I have W296 - a slow powder. But I only use it for my 8 3/8" barreled guns - which I rarely shoot. Using W296 in a 4" barreled gun boarders on nonsense.

Barrel length is far from irrelevant.
First what you say is purely opinion. If you want low flash loads, then yes, you want a different powder, but that would hold true in a longer barrel also.

My point was that the old myth of a faster powder makes more velocity in a shorter barrel is simply that, a myth.

Believe it or not, some people WANT those things you are saying are negatives. Some people like the report, flash, and blast of hotter loadings. So, I say again, your post is merely your opinion.

If I want a soft load, then I load one. IF I want a hotter load then I load that. I shoot my loads in all of my guns, I dont tailor to one gun or another.
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Old November 15, 2013, 08:49 PM   #16
Chaz88
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Quote:
I shoot my loads in all of my guns, I dont tailor to one gun or another.
I used to be the same way, then I bought a Coonan. Have not had it long and am doing a fair amount of tailoring. I can shoot those loads in my revolvers but not necessarily the other way around.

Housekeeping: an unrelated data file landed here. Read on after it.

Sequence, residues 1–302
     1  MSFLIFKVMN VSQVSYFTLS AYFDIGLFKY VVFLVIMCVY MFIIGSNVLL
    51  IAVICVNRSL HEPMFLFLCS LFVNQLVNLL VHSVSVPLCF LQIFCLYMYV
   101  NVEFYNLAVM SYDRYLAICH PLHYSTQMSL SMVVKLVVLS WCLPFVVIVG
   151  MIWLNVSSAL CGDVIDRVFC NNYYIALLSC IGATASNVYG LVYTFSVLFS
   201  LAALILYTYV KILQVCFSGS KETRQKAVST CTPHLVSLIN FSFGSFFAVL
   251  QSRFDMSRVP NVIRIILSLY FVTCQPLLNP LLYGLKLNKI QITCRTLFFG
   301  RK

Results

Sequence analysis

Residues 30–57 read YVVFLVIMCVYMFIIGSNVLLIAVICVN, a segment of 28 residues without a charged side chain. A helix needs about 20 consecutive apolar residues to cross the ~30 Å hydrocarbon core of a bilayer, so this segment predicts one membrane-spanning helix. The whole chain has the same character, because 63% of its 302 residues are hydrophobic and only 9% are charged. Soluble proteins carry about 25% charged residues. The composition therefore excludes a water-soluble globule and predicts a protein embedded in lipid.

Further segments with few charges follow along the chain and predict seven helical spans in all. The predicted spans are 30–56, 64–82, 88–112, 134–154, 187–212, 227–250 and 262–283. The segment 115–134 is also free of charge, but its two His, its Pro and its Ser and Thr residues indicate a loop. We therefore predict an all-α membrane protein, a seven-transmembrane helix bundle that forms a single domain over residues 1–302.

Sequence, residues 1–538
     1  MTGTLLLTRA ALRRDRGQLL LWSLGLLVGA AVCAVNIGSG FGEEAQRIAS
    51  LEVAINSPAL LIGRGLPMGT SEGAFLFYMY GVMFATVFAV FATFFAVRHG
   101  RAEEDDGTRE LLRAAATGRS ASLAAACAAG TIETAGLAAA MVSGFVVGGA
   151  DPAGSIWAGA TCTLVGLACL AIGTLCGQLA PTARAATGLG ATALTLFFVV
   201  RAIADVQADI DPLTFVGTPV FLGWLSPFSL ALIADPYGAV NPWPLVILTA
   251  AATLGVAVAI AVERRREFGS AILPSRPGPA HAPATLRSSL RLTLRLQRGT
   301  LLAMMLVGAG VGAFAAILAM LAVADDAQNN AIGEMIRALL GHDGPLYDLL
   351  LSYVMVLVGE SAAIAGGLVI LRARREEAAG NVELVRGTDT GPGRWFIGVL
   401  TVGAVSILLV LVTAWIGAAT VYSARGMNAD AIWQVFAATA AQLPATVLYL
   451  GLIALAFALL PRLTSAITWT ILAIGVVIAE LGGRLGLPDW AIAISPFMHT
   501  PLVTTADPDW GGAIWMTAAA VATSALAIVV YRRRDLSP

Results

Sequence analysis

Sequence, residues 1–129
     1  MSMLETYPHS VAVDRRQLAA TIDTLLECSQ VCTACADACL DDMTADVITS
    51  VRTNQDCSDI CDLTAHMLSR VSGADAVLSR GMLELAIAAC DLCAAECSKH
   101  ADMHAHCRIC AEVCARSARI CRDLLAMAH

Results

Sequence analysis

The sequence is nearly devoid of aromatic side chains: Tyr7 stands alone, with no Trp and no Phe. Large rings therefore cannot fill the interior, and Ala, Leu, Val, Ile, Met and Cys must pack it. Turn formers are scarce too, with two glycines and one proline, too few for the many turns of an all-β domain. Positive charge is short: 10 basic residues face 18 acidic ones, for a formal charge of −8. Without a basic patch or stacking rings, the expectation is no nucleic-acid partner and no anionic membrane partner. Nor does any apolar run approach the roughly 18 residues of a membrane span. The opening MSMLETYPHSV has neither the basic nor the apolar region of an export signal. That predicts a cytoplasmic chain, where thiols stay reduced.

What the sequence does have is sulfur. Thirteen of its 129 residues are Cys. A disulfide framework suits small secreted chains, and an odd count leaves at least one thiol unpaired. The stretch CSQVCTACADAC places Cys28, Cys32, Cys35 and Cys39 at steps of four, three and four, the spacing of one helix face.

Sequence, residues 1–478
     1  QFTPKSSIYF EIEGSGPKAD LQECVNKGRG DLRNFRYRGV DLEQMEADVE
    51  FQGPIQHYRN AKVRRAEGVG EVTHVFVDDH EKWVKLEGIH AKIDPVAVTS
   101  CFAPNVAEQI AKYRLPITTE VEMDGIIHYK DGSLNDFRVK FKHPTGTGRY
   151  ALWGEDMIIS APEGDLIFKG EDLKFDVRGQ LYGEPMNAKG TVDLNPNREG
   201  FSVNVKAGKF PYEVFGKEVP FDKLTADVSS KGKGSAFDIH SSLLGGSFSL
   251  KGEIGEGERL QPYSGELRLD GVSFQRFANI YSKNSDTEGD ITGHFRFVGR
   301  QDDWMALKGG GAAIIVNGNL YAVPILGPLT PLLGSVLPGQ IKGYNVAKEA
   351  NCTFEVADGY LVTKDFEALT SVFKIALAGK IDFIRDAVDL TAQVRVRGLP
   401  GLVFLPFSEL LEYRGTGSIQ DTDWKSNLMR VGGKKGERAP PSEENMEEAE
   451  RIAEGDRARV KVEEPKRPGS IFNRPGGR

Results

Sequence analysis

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Old November 15, 2013, 09:36 PM   #17
Nick_C_S
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That's the beauty of loading our own. If we want to customize our rounds for the gun that is going to shoot it, we can do that.

Or, if we want to load with all the customization of factory ammo, we can do that too.
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Old November 16, 2013, 09:36 AM   #18
Real Gun
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What do I know, but it seems to me that I want a good powder burn before the bullet leaves the short barrel.
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Old November 16, 2013, 01:55 PM   #19
lee n. field
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Quote:
hi, i just got my first revolver, a taurus 605 .357mag.
I like mine. It shoots dead to point of aim with 158gr LSWC, 3.7 grains of Bullseye. Just sayin'.

Quote:
i finally got to shoot it today and i must say i am so happy with this gun. i am so glad i didnt go with the hammerless DAO revolvers. i have never been able to shoot that accurate in my life. but anyway, i am loading up my first batch of hand-loads tomorrow morn, i am using swaged HBWC 148gr. i have hp-38 and titegroup, i would like to try out both, although i am fully aware to expect better results with hp-38. but i gotta use the titegroup some day. so from what i gathered i should be starting 2.8gr of hp38, standard primers and light crimp. but i hear that snubbies are different. can you give me a good start point for using a short barrel please. heavy crimp or light? i am only familiar loading 9mm.

Light crimp. (I have no experience with that powder. )

The only time I've needed a heavier crimp was with my Charter Undercover, which is a much lighter gun. I had a couple of my previously loaded handloads jump crimp on the lighter gun.
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Old November 16, 2013, 02:52 PM   #20
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3.1g W231......